Clipping:Question and answer about three-out innings
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|Date||Saturday, August 10, 1867|
[questions from Fairbury, Ill., players] 1. When the striker is put out, either at the home, or at other base, must he still keep batting and making his regular runs, or will he be considered dead in play until two others are in like manner put out?
2. If so, shall his runs be scored the same as any other player?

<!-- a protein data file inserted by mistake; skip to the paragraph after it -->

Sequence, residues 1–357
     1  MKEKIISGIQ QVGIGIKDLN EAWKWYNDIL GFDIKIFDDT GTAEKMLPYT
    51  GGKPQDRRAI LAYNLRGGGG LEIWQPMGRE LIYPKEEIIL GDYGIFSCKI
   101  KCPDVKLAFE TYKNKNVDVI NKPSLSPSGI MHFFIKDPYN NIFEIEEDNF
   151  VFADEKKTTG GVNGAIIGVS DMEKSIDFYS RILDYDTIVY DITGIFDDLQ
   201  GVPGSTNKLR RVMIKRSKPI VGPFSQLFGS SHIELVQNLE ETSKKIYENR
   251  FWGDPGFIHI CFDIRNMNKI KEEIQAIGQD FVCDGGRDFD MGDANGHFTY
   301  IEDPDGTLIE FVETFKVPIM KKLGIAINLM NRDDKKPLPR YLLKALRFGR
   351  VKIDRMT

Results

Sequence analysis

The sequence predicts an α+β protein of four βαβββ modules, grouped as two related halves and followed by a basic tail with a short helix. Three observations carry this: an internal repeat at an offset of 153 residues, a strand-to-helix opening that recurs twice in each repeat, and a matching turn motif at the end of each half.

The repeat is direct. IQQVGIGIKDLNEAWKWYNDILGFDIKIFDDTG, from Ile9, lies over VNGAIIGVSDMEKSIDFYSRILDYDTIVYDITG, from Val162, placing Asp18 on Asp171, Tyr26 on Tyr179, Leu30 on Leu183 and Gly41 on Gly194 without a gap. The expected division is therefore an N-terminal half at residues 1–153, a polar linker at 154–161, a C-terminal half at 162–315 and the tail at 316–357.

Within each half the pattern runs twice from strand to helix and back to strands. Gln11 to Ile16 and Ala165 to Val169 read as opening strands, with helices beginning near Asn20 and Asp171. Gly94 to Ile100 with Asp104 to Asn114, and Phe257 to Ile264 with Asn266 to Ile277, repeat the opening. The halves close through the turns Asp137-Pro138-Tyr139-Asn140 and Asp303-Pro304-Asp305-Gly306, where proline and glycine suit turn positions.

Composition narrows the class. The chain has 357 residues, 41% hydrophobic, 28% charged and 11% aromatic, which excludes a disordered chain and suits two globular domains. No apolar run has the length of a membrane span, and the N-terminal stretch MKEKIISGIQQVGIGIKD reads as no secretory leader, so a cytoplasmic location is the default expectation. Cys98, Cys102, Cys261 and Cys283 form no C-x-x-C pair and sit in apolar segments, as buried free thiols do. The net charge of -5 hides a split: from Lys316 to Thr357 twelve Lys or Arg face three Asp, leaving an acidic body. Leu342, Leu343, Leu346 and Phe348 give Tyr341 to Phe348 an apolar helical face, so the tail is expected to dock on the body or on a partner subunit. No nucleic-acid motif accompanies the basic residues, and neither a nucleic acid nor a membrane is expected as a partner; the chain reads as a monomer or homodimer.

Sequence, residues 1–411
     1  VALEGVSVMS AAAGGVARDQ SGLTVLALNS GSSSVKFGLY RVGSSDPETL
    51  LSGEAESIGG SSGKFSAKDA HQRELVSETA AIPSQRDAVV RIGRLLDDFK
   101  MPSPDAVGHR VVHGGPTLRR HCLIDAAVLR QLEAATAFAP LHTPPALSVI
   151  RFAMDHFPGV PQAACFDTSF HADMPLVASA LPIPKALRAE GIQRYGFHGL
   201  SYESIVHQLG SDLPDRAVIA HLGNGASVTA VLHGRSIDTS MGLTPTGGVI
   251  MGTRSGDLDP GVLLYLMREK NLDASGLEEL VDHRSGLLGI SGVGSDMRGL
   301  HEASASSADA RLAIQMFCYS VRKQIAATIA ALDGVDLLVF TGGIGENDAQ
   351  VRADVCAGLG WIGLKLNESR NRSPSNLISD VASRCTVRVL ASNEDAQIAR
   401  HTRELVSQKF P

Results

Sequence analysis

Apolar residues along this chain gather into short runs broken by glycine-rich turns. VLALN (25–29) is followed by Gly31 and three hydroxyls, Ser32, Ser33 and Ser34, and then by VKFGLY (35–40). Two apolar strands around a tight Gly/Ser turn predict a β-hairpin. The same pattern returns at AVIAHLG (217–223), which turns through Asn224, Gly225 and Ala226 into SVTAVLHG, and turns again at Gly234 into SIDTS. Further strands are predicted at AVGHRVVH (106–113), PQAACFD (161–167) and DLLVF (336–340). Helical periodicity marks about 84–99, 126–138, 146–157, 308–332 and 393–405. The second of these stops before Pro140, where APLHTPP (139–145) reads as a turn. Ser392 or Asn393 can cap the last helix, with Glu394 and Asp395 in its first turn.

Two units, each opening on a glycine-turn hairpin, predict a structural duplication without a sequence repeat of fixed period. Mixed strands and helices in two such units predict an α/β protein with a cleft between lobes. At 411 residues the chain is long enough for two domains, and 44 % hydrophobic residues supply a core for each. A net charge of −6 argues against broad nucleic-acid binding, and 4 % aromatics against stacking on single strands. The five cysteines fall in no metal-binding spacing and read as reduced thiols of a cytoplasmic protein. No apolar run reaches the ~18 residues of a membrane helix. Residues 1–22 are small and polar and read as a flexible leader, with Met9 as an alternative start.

3. Can the striker be put out more than once on the same run?
Ans.1 When the striker is put out the next player follows at the bat, and so on until the side is out or it is the striker's turn to bat again. When it is his turn he goes on with his batting, just like those who have preceded him—his being put out does not make him a dead man in the game. (2). His runs will, of course, be counted like the rest. (3)-No player can be counted out more than once on the same ball. The above questions are very simply, and their settlement belongs to the very rudiments of the game. The interrogators will do well to provide themselves with a set a rules, which may be had from any news dealer.
|Submitted by||Richard Hershberger|
|Origin||Initial Hershberger Clippings|